Thin ICE

Thin ICE

In its zeal, the federal immigration agency has been deporting US citizens.



A headline in the San Francisco Chronicle screams, 900 Nabbed in State on Immigration Charges. The Seattle Times reports, Feds Combing Jails for Illegal Immigrants. An AP article declares, Immigration Raid in Iowa Largest Ever in US and reports 390 arrests. In 2007, 276,912 US residents were deported. Thanks to a recent Bush Administration crackdown, the net cast by the Immigration and Customs Enforcement Agency (ICE) is wide–so wide, it turns out, that some of those being deported are US citizens.

Is ICE an efficient law enforcement agency? Or, in the words of Robert, 38, a US citizen twice deported to Mexico, is ICE “just throwing us out for nothing”?

Consider what happened to Peter Guzman. Last year Guzman, a US citizen born in Los Angeles in 1977, drove onto the tarmac of a regional airport in his hometown of Lancaster, about eighty miles northeast of Los Angeles, boarded a charter plane without a ticket and refused to get off. Guzman was arrested and sentenced, and served forty-one days in a Los Angeles County jail. According to his lawyer, Mark Rosenbaum of the Southern California ACLU, Guzman was excited about being released in time for his brother’s July wedding in Las Vegas. “It was a big deal to Peter. He was going to be the best man.” It never occurred to Guzman that in July he’d be eating garbage and bathing in the Tijuana River.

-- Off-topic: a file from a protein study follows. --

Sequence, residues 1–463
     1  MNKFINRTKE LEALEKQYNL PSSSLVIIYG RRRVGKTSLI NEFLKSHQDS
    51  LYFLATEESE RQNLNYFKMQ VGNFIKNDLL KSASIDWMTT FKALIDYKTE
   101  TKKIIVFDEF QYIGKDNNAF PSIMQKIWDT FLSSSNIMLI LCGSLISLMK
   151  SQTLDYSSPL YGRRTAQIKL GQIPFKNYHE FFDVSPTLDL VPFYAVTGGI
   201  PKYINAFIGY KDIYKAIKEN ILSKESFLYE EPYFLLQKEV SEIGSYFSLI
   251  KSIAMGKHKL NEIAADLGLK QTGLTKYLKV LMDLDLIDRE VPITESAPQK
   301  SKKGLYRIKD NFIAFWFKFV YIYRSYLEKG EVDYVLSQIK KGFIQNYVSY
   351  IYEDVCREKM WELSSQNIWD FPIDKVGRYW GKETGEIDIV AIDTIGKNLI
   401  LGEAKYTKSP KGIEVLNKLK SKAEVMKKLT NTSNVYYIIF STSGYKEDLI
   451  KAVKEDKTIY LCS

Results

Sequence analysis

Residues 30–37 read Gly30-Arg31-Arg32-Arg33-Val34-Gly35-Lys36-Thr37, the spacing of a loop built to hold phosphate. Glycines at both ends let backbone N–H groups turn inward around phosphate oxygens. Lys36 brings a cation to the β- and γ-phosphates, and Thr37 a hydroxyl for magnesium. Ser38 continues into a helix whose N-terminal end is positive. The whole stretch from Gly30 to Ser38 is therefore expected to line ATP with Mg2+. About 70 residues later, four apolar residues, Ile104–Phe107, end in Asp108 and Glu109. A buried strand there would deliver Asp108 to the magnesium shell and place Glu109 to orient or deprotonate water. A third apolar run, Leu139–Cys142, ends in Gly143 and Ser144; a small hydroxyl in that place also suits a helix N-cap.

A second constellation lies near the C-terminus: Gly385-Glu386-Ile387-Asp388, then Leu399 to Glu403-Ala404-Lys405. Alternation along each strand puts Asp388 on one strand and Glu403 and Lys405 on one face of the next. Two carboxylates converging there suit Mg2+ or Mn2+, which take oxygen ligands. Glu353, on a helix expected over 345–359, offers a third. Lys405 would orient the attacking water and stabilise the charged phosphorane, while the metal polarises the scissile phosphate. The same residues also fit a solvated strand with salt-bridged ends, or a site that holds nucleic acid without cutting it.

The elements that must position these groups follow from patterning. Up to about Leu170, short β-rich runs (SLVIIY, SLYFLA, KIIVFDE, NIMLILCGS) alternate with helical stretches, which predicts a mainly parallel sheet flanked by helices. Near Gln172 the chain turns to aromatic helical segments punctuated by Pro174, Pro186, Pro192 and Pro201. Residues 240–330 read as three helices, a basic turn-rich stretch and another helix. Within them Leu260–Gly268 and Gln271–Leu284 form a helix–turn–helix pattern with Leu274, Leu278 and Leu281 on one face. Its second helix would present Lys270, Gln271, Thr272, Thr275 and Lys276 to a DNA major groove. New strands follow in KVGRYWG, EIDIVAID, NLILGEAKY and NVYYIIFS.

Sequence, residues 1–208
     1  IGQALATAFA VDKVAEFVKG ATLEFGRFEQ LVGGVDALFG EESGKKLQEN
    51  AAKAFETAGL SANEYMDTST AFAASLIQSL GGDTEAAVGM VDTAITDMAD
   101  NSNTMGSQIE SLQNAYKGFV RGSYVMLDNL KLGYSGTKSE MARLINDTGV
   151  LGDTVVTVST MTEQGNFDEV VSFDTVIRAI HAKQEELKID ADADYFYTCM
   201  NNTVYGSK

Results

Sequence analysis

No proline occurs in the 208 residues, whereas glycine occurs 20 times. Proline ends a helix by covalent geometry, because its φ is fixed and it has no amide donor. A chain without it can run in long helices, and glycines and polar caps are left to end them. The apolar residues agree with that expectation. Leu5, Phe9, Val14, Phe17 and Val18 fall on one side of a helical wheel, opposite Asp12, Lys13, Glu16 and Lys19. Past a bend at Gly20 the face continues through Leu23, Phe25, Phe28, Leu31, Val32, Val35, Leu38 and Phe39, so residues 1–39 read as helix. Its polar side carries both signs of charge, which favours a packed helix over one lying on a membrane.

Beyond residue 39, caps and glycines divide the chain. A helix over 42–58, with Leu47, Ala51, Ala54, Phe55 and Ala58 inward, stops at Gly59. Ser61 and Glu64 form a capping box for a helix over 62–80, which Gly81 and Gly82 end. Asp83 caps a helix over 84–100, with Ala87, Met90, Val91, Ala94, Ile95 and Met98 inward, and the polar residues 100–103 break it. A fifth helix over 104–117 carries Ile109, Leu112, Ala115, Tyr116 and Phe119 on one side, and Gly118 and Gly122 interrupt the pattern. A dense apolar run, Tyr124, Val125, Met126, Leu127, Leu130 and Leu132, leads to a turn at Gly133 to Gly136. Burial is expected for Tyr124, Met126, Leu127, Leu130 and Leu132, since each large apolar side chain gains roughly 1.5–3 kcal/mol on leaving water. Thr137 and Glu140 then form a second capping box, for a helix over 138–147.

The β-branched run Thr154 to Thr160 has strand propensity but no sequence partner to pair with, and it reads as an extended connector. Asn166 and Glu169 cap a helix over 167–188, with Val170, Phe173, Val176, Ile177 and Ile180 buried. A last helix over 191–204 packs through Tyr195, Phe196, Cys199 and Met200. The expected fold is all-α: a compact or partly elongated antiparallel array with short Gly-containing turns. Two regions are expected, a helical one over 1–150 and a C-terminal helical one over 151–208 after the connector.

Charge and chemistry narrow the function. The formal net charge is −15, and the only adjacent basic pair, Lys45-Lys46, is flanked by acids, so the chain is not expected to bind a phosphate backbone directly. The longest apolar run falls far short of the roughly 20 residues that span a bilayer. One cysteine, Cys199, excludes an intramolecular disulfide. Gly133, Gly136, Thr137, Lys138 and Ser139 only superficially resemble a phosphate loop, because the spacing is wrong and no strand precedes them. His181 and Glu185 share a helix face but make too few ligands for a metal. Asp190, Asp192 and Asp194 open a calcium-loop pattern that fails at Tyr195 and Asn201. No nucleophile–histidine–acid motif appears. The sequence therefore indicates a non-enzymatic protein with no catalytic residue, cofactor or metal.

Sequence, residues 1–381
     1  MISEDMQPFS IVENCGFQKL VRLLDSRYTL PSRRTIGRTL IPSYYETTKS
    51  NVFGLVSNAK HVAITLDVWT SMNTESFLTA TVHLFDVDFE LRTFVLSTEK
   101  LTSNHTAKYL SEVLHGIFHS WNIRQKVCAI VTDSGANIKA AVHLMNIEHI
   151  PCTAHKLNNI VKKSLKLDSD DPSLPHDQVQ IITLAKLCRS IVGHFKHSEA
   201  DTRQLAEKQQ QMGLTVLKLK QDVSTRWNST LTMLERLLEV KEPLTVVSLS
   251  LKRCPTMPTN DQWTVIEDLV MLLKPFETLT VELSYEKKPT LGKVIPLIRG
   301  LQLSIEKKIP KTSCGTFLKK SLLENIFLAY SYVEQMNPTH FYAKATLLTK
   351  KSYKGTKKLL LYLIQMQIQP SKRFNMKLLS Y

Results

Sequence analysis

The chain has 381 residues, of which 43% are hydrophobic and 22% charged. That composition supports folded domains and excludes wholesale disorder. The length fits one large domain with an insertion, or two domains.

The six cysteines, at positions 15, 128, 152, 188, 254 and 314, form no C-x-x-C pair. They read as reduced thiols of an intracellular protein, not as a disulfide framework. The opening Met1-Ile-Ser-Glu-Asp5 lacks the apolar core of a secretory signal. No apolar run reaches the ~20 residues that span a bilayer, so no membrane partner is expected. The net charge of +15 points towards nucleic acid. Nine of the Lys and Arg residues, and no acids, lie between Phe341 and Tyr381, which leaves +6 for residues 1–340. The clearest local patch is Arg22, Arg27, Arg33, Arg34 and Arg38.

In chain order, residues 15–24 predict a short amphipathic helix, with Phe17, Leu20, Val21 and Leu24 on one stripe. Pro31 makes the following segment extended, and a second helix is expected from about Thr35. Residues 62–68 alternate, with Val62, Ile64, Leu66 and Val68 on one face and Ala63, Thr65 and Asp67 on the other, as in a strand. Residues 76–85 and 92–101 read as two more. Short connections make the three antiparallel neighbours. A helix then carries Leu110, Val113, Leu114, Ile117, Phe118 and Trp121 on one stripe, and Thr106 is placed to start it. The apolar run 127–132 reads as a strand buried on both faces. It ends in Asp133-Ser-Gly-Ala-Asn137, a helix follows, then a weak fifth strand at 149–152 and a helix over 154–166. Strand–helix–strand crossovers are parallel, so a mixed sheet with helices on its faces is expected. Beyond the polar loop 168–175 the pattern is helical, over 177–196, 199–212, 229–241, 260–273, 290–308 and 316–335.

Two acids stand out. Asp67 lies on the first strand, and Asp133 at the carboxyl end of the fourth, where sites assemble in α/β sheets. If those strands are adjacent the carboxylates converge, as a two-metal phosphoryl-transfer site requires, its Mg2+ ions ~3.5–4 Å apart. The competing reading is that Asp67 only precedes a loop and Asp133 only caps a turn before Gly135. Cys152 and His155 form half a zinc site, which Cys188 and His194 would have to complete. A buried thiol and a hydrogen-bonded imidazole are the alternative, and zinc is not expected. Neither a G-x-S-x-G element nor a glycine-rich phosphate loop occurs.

But on May 11, 2007, he called his family and said he’d been deported. According to the ACLU lawsuit, before his sister-in-law could find out exactly where he was and give him instructions, the line was cut. She overheard him ask, “Where am I?”

In early August 2007, after Guzman had spent three months trying to return, his appeal to a border agent in Calexico was finally successful: Guzman was arrested for missing his first probation hearing and brought back to Los Angeles. ICE says it has Guzman’s signature on a voluntary departure agreement. Guzman’s attorneys say the signature was coerced and that it is never legal to deport a US citizen.

Gary Mead, ICE assistant director for detention and removal, testified at a Congressional hearing in February that Guzman’s case is unique. But California Democratic Congresswoman Zoe Lofgren calls Guzman the “poster child” for an epidemic of detaining and deporting US citizens by ICE. Kara Hartzler, an attorney at the Florence Immigrant and Refugee Rights Project (FIRRP), agrees with Lofgren. Last year Hartzler’s staff of six attorneys provided presentations and occasionally individual advice to more than 8,000 detainees in southern Arizona. About 10 percent of people ICE detains nationwide are sent to Florence and nearby Eloy, about sixty miles south of Phoenix. Hartzler testified, “The deportation of US citizens is not happening monthly, or weekly, but every day.”